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I am applying for postdoc in physics this year. Every place asks for a statement of research or research plan/proposal for the application procedure. I have been recently following papers on a very interesting topic of research. Although I have no concrete problem/question in mind. I cannot resist myself from mentioning this topic of interest. I was wondering if I can write something like the following in a statement of research :

"I am also very interested in X. I have been closely following the rapid progress in this direction and hope to contribute in recent future."

(I want this part to write at the end of my statement of research but these sentences don't sound nice to me at all!)

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  • As long as there is a substantial amount of concrete things in the statement, including past, but mostly current and future work, it's no harm in including a few lines at the end about this, IMO. But it shouldn't be part of the main thing. – dbluesk Nov 8 '16 at 12:28
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If a statement does not sound right to you, it is highly likely not to sound right to other people. So you might have as well just leave it out of your statement.

Focus on what you know and what you know you are in a position to focus on as part of your further research.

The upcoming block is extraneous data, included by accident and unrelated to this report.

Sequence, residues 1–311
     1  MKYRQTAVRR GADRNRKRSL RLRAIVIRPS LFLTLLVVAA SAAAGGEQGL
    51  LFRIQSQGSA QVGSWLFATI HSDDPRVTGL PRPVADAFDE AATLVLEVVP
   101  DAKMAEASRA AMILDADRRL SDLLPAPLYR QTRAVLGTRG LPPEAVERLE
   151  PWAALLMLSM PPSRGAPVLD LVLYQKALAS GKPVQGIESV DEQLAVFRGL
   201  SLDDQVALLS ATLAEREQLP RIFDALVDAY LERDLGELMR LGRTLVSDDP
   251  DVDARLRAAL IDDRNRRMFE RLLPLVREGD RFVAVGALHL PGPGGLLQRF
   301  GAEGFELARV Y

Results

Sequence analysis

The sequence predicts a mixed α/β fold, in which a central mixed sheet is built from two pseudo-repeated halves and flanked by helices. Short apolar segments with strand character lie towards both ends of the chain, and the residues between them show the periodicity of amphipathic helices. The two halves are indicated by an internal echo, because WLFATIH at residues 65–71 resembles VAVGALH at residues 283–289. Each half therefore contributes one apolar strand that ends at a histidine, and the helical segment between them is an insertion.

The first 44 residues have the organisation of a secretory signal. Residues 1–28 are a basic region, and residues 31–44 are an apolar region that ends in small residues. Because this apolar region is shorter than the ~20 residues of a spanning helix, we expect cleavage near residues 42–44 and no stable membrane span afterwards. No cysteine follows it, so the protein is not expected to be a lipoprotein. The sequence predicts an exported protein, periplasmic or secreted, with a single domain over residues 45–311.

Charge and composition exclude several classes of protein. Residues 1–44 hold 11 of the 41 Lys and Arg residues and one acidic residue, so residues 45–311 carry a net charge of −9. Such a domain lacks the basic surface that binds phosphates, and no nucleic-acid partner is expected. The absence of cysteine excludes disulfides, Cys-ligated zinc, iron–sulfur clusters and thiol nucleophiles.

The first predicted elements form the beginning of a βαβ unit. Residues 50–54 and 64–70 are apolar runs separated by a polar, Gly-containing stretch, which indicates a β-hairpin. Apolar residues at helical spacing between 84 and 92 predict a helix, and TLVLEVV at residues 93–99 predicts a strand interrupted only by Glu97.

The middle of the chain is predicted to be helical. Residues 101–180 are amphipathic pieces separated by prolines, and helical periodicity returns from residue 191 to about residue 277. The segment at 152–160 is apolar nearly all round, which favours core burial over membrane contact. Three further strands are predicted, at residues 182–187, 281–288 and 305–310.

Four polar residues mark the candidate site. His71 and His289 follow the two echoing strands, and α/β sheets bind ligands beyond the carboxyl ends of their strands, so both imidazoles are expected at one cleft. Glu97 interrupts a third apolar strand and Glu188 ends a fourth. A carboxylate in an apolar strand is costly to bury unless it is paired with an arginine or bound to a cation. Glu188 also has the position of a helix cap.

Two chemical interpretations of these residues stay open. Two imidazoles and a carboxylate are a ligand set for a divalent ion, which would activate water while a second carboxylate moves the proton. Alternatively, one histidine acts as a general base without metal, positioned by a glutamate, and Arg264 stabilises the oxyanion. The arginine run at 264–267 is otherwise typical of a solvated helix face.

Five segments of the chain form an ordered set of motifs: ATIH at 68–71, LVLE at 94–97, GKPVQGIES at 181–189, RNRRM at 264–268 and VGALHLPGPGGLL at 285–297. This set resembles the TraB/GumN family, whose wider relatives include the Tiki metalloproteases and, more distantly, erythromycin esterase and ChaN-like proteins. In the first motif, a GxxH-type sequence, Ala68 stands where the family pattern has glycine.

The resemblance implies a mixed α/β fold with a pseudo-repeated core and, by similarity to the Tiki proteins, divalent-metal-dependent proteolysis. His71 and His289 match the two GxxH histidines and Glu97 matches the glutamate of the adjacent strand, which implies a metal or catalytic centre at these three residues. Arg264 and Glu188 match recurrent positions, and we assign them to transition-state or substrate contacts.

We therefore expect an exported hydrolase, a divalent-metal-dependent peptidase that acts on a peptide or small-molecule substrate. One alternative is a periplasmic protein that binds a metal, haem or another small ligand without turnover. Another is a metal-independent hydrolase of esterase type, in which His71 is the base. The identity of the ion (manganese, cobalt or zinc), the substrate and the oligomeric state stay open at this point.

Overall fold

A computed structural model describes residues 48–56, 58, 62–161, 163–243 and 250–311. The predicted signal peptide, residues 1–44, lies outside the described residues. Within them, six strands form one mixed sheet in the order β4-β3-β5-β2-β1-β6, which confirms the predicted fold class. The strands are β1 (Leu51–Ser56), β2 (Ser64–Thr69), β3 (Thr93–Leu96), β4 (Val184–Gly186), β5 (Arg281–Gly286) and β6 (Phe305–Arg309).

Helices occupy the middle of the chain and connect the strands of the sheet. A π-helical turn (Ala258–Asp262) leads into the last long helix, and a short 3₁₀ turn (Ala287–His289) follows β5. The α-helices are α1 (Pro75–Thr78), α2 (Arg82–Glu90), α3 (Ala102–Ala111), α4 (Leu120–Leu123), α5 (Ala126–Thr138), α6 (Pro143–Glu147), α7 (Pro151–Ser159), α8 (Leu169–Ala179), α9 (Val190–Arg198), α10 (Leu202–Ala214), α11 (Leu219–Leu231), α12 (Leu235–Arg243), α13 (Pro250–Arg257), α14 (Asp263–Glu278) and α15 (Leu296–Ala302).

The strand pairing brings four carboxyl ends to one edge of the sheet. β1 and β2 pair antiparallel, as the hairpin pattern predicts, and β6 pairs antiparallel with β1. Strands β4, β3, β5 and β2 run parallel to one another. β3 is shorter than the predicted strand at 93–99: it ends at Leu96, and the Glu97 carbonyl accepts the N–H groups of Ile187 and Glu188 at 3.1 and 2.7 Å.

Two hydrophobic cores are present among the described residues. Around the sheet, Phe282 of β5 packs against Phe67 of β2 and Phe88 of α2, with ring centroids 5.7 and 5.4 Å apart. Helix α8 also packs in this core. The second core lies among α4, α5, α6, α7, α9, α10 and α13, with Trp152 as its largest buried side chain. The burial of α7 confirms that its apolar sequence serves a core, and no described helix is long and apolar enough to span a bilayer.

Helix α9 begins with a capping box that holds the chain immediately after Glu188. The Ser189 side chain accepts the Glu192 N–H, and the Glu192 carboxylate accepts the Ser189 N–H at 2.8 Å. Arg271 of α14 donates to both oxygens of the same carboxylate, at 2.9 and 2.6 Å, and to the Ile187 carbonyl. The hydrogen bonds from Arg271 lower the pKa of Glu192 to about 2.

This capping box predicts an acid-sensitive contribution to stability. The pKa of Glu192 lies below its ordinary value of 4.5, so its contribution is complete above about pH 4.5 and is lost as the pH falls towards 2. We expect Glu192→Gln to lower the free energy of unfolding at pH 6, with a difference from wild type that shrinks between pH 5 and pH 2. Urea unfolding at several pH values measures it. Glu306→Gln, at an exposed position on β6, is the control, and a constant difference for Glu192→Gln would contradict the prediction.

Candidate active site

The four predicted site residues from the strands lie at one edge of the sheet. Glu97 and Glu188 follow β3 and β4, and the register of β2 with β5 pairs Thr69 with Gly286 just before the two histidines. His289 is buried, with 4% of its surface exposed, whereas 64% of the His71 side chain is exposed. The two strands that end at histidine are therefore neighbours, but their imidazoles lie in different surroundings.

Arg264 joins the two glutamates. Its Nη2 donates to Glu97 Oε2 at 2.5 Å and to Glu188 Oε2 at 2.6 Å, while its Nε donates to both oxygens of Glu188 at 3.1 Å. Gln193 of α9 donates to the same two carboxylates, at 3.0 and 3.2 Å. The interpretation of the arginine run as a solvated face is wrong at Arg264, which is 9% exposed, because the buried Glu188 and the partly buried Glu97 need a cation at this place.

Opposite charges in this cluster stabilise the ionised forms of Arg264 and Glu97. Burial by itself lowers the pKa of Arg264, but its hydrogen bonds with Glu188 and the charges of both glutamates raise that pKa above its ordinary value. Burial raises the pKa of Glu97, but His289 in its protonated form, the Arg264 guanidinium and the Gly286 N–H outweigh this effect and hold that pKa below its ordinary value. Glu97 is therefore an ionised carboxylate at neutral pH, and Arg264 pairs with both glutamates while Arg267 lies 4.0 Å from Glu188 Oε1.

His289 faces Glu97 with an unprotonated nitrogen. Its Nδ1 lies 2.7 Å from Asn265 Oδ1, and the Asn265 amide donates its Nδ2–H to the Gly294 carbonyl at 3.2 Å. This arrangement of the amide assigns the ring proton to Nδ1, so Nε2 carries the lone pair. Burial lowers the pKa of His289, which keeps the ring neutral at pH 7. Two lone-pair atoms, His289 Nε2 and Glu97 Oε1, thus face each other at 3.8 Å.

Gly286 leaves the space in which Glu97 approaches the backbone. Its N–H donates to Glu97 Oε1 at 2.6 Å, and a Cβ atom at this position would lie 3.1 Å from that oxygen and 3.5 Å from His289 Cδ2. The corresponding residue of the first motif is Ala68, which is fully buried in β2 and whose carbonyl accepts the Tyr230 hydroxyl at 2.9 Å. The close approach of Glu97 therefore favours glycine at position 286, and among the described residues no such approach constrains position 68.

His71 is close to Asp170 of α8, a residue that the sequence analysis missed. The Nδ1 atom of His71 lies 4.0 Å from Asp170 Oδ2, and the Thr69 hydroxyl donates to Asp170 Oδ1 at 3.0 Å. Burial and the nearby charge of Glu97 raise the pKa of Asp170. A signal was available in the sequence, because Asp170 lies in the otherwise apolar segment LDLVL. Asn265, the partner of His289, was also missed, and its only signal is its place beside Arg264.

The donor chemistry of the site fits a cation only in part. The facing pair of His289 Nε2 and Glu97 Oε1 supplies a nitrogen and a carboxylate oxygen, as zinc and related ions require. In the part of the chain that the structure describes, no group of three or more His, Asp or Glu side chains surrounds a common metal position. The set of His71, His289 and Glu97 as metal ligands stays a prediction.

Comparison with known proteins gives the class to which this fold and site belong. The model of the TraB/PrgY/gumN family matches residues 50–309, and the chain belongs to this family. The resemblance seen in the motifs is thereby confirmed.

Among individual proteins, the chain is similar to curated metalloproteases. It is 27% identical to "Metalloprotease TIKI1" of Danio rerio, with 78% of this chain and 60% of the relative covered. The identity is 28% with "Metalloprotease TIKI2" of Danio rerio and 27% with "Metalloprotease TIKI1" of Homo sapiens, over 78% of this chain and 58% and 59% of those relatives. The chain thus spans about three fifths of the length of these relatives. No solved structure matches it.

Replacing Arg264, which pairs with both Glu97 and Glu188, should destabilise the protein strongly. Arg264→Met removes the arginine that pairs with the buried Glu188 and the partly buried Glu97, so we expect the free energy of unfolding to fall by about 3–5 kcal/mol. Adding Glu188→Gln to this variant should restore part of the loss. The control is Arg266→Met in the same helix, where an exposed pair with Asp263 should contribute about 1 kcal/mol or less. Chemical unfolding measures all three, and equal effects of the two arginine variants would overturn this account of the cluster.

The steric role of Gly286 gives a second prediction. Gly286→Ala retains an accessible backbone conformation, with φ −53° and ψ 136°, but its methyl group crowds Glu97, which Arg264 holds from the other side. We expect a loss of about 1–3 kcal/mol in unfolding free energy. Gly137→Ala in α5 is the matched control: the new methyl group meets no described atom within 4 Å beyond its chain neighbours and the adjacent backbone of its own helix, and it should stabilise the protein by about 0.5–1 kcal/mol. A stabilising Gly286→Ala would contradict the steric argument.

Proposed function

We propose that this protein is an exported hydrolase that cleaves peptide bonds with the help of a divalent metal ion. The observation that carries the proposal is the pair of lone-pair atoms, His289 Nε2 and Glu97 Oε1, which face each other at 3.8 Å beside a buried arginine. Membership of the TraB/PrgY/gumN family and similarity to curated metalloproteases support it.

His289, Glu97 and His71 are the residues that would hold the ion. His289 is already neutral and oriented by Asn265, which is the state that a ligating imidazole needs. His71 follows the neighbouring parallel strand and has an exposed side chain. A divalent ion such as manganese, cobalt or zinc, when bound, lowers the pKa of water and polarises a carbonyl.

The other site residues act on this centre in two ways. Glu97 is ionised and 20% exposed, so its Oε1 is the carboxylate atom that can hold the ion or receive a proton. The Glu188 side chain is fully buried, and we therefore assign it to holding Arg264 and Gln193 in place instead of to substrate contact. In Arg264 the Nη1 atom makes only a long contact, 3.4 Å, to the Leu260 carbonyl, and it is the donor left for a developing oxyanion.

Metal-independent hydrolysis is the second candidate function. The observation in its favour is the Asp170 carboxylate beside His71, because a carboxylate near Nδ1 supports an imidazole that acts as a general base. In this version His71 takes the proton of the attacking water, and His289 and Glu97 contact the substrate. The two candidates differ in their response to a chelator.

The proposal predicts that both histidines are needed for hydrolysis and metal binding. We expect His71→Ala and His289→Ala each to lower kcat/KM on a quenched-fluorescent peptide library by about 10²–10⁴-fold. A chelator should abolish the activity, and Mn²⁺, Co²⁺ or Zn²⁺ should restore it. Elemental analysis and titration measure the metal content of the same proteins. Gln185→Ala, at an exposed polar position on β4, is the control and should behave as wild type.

If you are selected, you will have plenty of opportunities to nurture your thoughts and ideas with stimulating colleagues.

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I first want to disclose that most of my experience is in advising undergraduate students as they apply for research positions, post bacs, or graduate school -- however, similar rules would apply.

Yes, this would be appropriate as long as it is presented as exploratory research, and you are able to more precisely posit an area of interest (i.e., what you currently have is too vague). In addition, make sure that the rest of your research statement concisely summarizes your current work, and how you would like to expand on this work in their institution. You want to be careful not to come off as "wishy-washy". It is okay to state that you are interested in expanding your research interests (this suggests flexibility and potential for growth), as long as you highlight your current strengths and a dedication to, first and foremost, furthering the field's knowledge in your current areas of expertise.

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